Introduction and rationale for selecting the topic and the target group
A study in 2000 suggested that British teenagers were doing far less exercise than their peers in early 90’s (British Heart Foundation Report- Couch Kids: The Growing Epidemic). The report by the British Heart Foundation warned that the rise in obesity in teenagers is worrying as the onset of obesity in teens could transform into obesity in adulthood also. Child obesity is also prevalent, but what is worrying about the obesity in teens is that there is little time to change things before adult habits set in and a lot that could go wrong in the near future for this target age group.
Teenagers face a lot of transitions including physiological and psychological transition in their teen years. This period in life is often related to the onset of changes in family structures and relationships, social behaviour and interaction, education and professional goals. Obesity and problems related to it at this critical juncture can overshadow all these events in the life of teens. Various studies,( including Sobal J, Stunkard A,1989) indicate that obesity is negatively correlated to adverse social and economic state. Such studies also say obesity can be an antecedent to adverse social behaviour. As reported by BHFNC, obesity is known to cause cardiovascular disease, type 2 diabetes, some cancers, musculoskeletal disorders, gallbladder disease and adverse psychological behaviour. Hence it is important that tackling obesity in this target group should be a priority.
There is recent statistical evidence that builds on to the earlier discussed British Heart Foundation report. Statistics from hearstarts.org (2008) suggest that between 1994 and 2006 the percentage of obese men has risen from 14% to 25% and the figure for women in the same period has seen a rise from 19% to 29%. It also mentions that between 1995 and 2006 obesity in boys increased from 11% to 17% and from 12% to 15% in girls. Reports from diverse studies highlight the problem having grown to alarming proportion. Much worse has been predicted by a 2008 Foresight report putting the potential 60% of the UK adult population to be obese by 2050.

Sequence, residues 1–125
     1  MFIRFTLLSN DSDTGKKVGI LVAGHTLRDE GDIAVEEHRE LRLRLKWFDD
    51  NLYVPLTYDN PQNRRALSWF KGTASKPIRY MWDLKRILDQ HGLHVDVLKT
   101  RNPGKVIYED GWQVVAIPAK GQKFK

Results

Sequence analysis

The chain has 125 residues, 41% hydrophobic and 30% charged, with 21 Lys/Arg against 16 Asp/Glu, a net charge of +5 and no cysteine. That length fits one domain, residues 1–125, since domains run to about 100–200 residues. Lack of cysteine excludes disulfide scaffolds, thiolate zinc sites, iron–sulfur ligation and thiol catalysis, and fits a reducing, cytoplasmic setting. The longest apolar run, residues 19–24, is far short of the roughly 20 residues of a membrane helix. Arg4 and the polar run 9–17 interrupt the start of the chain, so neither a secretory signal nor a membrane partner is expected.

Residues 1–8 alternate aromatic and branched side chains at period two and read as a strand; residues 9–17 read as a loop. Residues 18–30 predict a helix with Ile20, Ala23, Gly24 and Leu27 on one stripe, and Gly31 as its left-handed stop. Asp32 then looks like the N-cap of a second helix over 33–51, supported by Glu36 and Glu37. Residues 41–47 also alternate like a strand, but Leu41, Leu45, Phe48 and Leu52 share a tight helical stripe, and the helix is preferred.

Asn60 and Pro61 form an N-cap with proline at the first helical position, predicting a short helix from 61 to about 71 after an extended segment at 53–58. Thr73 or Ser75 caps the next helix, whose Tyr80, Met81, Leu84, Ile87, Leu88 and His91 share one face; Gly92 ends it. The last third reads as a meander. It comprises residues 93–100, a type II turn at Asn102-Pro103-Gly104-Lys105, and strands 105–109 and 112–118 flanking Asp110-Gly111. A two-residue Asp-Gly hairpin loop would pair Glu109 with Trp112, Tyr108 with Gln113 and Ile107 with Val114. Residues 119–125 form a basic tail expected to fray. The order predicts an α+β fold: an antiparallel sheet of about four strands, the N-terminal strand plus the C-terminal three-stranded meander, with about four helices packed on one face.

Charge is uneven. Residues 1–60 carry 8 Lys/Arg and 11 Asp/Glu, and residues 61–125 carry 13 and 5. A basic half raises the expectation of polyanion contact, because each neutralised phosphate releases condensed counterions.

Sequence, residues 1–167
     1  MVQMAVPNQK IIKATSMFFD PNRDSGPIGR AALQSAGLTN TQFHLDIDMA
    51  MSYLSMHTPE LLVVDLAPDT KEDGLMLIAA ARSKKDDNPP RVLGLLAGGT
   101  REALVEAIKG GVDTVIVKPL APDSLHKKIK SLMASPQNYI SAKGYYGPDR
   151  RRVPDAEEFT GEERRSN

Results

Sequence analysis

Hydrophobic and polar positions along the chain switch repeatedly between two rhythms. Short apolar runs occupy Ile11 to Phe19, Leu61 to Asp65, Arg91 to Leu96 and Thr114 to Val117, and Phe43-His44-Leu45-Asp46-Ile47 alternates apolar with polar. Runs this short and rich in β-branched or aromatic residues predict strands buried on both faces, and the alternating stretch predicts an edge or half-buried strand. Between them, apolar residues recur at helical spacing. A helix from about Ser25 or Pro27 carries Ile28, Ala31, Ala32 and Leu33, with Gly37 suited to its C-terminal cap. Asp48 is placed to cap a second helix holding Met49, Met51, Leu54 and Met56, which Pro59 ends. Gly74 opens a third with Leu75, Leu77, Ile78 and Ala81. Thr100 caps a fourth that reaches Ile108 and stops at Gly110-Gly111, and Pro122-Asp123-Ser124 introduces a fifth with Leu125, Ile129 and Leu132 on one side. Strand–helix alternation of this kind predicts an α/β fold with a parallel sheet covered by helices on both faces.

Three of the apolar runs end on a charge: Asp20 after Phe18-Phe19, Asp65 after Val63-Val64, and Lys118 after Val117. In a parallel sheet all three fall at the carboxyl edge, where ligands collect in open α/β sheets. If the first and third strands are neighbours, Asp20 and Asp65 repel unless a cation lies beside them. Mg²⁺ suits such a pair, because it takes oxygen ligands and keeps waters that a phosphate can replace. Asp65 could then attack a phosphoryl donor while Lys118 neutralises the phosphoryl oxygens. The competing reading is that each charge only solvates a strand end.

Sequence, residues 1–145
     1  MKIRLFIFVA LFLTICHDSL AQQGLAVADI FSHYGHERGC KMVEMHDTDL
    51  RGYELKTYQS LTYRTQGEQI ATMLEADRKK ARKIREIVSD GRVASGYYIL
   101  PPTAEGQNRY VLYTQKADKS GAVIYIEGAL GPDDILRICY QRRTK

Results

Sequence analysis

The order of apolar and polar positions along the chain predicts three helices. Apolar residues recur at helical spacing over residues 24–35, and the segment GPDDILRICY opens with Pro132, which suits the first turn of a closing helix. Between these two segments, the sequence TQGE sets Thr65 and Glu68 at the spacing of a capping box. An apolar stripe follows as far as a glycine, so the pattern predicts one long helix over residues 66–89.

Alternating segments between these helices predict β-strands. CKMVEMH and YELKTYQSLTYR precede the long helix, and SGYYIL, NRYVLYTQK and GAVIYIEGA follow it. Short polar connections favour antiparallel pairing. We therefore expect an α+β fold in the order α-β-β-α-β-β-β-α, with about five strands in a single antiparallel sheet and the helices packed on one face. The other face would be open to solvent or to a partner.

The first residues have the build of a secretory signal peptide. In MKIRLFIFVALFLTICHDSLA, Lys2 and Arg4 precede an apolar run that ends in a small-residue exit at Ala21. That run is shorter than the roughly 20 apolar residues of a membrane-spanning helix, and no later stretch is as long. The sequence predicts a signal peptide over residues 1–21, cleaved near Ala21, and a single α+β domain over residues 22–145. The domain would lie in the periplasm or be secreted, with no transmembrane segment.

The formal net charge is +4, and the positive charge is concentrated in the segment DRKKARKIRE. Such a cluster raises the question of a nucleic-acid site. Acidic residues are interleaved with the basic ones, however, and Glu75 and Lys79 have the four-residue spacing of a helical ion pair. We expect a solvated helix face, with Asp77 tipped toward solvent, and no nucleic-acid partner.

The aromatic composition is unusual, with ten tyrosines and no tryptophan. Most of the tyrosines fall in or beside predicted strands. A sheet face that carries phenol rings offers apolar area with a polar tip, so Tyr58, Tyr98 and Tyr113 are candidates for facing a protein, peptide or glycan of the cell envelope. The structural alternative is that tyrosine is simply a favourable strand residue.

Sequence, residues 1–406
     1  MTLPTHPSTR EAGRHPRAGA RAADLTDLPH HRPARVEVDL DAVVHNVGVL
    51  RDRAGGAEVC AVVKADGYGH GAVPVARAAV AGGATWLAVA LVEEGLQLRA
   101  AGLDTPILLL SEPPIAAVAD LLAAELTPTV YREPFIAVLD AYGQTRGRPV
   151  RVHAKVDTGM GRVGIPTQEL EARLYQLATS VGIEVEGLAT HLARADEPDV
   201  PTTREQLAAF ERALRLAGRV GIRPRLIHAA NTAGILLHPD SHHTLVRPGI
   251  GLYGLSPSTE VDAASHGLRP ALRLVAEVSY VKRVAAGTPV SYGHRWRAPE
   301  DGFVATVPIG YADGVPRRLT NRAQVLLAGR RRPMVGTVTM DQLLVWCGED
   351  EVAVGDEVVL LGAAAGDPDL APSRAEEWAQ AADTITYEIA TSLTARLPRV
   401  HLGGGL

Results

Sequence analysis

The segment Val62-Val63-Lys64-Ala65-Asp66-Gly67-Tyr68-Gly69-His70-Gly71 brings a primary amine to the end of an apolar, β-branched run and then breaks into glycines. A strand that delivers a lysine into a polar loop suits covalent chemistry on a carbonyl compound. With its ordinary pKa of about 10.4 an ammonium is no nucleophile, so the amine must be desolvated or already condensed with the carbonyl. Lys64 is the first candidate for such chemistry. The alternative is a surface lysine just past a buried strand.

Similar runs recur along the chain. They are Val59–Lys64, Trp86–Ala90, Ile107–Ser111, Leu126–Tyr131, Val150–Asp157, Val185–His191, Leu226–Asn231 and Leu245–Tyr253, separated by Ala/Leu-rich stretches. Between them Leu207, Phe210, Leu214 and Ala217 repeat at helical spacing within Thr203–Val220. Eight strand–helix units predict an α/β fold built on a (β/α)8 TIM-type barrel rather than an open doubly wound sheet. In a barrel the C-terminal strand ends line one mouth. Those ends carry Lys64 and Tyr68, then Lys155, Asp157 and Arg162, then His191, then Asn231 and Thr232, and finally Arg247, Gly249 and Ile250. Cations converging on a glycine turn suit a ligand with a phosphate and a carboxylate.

Child obesity is a problem and tackling obesity at the earliest possible instance is the best means of reducing its level. But since the problem has reached alarming proportion, quick preventive measures are needed to ensure that teens at high risk are prevented from being obese.
Specific aims and objectives of the initiative
Various definitions for obesity exist. However, obesity can be generally defined as a body state where excess fat has accumulated leading to a potential adverse health risk. It is a state where the body mass index has increased beyond desirable levels. The condition of obesity is linked to the age, height and weight of the individual.
The target group has been decided as the high risk teen population as it might be a last chance to arrest the spread of obesity amongst this target group. The approach of the initiative is to have a set of objectives that will serve as short term measures and long term aim to successfully measure the results of the initiative. The short term measures will also serve as milestones to enable the tracking of the initiatives progress.
This initiative is designed on the principles of AIDA (attention, interest, desire and action). Grabbing attention, generating interest and creating desire are the objectives. The aim of this initiative is to generate action and then measure the action to study the effectiveness of the initiative. The AIDA mode will be used in conjunction with the theories of health promotion. Grabbing attention is the foremost challenge as the target audience is used to having an independent mind set, being involved in various activities and at times giving less importance to their own well being and having short term targets for themselves rather than looking at their long term well being. After grabbing attention it is important to hold their attention which is possible by creating interest in dealing with obesity. The target audience will be able to deal with obesity effectively only when they have the desire to do so. Finally, this has to be followed up with action on the part of the target audience to tackle obesity. Even the NHS strongly advocated that drastic measures like surgery could be helpful in the short term but it is the motivation and actions of the obese person that are the final determinants in successfully tackling obesity. The health promotion theories will help guide the implementation of the initiative whereas the AIDA model will be used to track the cognitive and behavioural changes in individuals.
Review of relevant literature